His point is that computers are very complex things, more complex than those of us familiar with them think they are. A person can be intelligent, highly specialised, well educated, and still not be interested in learning how to properly use a computer. Why should they? Computers are more complex than they have to be and the payoff for understanding that complexity is, for most people, very limited.
When you're working with technology all day long, it's very difficult to get yourself out of your pre-conceived ways and figure out how things look like from the perspective of most people. Computers are a black box for the majority of their users.
This is probably one of the biggest challenges facing software developers: making the conscious effort to put themselves in the shoes of people who don't think the same way as they do, nor possess the wealth of implicit and explicit knowledge about computers than they do.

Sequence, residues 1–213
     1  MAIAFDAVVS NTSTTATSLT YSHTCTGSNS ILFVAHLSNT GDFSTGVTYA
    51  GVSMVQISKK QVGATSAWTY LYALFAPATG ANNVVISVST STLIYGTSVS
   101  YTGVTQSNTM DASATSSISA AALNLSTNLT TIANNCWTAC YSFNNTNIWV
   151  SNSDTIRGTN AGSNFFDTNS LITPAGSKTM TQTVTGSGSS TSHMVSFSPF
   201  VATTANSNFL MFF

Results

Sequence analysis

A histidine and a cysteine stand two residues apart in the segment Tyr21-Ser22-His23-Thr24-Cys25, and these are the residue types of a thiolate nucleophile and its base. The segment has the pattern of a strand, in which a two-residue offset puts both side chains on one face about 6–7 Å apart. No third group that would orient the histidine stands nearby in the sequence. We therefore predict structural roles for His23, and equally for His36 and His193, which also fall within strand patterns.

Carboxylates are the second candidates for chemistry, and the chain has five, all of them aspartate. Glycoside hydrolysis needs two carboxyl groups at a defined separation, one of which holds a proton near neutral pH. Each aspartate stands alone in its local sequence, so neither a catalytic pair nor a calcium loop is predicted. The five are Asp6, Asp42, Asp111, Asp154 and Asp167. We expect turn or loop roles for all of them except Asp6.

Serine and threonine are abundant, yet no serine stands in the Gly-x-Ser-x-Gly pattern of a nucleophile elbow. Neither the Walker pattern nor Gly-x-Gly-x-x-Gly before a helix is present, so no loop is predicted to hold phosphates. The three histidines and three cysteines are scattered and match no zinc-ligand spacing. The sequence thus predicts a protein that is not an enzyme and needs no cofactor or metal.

It is therefore no surprise that the most successful products, especially consumer products, came from people who were able to use their extensive technology-related knowledge and skill and turn it into readily usable tools and objects.